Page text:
If you would ask me “What is wrong with Net Present Value?”, the easy answer would be: “Not much”. It is one of the best indicators of potential value creation. It nicely summarizes the consequences of an investment decision in terms of costs and benefits over time. If you are not sure what Net Present Value is, have a look at the Wikipedia page here.
Of course, NPV is a financial metric, and probably one of the best. Better than just revenue or margin, because it looks at investment costs and timing as well. Since NPV focuses on absolute value creation, it is arguably better than its relative sister Internal Rate of Return (IRR). Even with the technical issues of IIR fixed (see Modified IRR or MIRR), IRR-based project selection easily focuses on short-term quick-win projects only, since these have the largest relative value creation.
The importance of financial value assessment
A more fundamental issue with NPV is that it counts financial value creation based on predictable cash flows only. This means NPV cannot be determined where cash flow impact cannot be forecasted. This holds for investing in strategic, mostly intangible assets such as new market exploration, brand awareness, improved competence, where the financial value is so far downstream or so unpredictable that cash flow forecasts make no sense. This in turn indicates a more strategic value indicator is preferable.
So why not just have a good strategic (non-financial) value indicator? In over 15 years in practice I have seen too many portfolios that looked attractive from a strategic qualitative point of view, but that had severe financial value creation flaws. In a previous post, I already elaborated the financial versus strategic value bubble plot as a solution to make sure both dimensions are addressed (as shown in the bubble plot at the top of this post as well).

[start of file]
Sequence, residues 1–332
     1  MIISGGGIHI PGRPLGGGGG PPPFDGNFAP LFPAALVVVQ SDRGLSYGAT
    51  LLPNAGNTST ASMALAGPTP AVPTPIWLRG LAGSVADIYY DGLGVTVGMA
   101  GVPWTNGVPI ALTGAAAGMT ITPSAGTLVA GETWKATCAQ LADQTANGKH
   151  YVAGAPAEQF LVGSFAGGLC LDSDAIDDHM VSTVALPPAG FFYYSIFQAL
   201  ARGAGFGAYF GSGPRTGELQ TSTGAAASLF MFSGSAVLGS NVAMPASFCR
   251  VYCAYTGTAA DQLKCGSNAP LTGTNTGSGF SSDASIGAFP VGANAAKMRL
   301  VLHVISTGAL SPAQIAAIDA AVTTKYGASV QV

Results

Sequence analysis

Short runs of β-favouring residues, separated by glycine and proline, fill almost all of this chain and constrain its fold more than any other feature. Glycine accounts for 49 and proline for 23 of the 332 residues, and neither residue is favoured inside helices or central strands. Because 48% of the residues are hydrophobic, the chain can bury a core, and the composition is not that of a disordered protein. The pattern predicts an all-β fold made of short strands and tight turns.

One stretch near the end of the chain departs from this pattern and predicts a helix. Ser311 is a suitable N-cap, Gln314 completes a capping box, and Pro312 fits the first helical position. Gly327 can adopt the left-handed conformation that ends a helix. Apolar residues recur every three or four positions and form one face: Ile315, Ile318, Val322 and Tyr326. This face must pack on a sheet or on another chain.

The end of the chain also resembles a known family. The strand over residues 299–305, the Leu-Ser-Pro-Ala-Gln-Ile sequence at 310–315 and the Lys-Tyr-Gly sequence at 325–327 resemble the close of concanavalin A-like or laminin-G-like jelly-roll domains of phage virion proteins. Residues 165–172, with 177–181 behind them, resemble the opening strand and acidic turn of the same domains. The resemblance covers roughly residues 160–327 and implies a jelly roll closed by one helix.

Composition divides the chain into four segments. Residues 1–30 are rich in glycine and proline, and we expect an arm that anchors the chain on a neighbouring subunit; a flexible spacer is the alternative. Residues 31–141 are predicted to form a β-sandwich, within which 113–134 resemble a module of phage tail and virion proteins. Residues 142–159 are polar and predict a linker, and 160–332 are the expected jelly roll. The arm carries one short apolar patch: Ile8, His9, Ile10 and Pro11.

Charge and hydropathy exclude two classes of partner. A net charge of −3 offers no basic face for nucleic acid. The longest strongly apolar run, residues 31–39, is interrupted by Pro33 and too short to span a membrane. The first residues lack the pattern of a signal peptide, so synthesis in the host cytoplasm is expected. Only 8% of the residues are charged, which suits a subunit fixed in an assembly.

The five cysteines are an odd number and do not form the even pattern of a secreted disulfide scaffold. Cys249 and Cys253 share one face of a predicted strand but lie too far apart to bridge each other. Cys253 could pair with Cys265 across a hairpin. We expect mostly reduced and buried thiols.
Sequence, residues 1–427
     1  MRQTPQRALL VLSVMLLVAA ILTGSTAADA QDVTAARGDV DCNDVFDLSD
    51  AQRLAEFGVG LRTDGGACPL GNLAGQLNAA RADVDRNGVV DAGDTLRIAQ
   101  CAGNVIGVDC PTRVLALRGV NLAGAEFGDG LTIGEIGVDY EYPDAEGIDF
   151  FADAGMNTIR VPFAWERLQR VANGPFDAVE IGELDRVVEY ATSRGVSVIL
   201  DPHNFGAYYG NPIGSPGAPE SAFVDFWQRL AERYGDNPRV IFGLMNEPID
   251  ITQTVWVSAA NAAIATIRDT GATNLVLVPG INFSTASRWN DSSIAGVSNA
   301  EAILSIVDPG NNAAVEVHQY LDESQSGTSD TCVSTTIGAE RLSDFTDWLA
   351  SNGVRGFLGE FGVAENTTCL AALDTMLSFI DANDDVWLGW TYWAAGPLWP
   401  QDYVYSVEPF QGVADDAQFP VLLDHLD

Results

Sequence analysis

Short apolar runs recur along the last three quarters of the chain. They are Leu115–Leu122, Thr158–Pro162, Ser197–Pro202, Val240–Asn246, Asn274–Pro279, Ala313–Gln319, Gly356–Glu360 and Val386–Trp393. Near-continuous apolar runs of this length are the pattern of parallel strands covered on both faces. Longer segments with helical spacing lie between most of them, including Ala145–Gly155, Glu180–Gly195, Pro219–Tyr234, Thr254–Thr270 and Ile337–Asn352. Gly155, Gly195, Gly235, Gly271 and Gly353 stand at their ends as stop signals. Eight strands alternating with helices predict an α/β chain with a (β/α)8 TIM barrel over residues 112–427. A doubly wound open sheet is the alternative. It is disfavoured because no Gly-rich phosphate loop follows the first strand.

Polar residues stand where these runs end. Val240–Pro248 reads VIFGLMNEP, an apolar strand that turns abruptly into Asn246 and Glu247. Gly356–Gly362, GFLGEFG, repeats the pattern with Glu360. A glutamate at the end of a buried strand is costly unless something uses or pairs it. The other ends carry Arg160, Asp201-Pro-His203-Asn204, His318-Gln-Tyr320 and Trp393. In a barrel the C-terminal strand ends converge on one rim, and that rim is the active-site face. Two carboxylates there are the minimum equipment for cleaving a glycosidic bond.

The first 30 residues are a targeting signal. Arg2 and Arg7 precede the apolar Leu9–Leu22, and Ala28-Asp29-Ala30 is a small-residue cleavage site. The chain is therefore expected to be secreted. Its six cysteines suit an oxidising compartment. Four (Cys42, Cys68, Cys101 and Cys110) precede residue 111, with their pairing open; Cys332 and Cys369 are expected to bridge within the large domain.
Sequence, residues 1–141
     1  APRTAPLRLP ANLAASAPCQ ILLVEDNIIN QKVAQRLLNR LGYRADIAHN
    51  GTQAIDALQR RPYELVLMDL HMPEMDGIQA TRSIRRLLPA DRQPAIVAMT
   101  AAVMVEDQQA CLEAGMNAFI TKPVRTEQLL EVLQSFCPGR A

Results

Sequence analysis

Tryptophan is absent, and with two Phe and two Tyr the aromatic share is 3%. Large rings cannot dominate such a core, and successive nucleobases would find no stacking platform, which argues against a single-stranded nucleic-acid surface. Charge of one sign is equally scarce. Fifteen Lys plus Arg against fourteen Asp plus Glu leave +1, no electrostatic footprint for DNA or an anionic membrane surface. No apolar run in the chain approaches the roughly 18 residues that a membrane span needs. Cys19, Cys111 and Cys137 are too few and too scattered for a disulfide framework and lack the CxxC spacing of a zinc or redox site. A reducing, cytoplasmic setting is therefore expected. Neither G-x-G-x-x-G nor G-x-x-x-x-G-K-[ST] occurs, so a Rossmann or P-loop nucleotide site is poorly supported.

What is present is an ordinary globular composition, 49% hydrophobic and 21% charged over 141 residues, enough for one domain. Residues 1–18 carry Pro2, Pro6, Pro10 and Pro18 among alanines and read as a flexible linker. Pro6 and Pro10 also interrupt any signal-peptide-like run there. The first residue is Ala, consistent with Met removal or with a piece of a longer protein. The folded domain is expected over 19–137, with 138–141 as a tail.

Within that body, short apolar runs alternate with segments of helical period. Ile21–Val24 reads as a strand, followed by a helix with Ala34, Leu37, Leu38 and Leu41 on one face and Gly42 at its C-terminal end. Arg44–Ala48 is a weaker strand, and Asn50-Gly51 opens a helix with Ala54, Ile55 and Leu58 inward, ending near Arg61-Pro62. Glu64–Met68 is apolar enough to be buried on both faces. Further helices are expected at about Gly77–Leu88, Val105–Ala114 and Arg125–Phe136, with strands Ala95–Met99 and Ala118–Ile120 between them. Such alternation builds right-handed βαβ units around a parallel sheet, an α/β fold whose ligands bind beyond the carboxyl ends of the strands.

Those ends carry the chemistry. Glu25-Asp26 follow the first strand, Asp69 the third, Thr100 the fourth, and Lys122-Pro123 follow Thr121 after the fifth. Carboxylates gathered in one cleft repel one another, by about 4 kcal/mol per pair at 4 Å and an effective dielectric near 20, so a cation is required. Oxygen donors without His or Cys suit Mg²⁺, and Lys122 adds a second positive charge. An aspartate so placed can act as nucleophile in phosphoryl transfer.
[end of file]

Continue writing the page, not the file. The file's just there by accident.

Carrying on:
Don’t blame NPV if you can’t handle KPI-s
Another main objection that is often mentioned is more an objection to the NPV decision rule than to the NPV itself. The NPV Decision Rule (in its simplest format) states:
NPV Decision Rule: if NPV<=0 don’t do it and if NPV>0 do it
This decision rule is indeed an example of misuse of Key Performance Indicators or metrics. It suggests that decision-making is a “no-brainer”. A few years ago, I found that this misconception about KPI-s is easily unveiled with a simple but powerful model, the “MUD cycle”.
This MUD cycle tries to capture the essence of good use of metrics or KPI-s: the Measurements lead to improved Understanding that in turns drives better Decisions.
If you “forget” any of the three ingredients, a flawed decision-making process results:
- without Understanding (such as the above NPV decision rule), the Measurement’s limitations and context are not incorporated in the Decisions;
- without Decisions, the process gets stuck in a never-ending cycle of getting more metrics and running more analyses;
- and without Measuring, the Understanding can only be based on intuition, and learning and sharing to improve Decisions is hampered.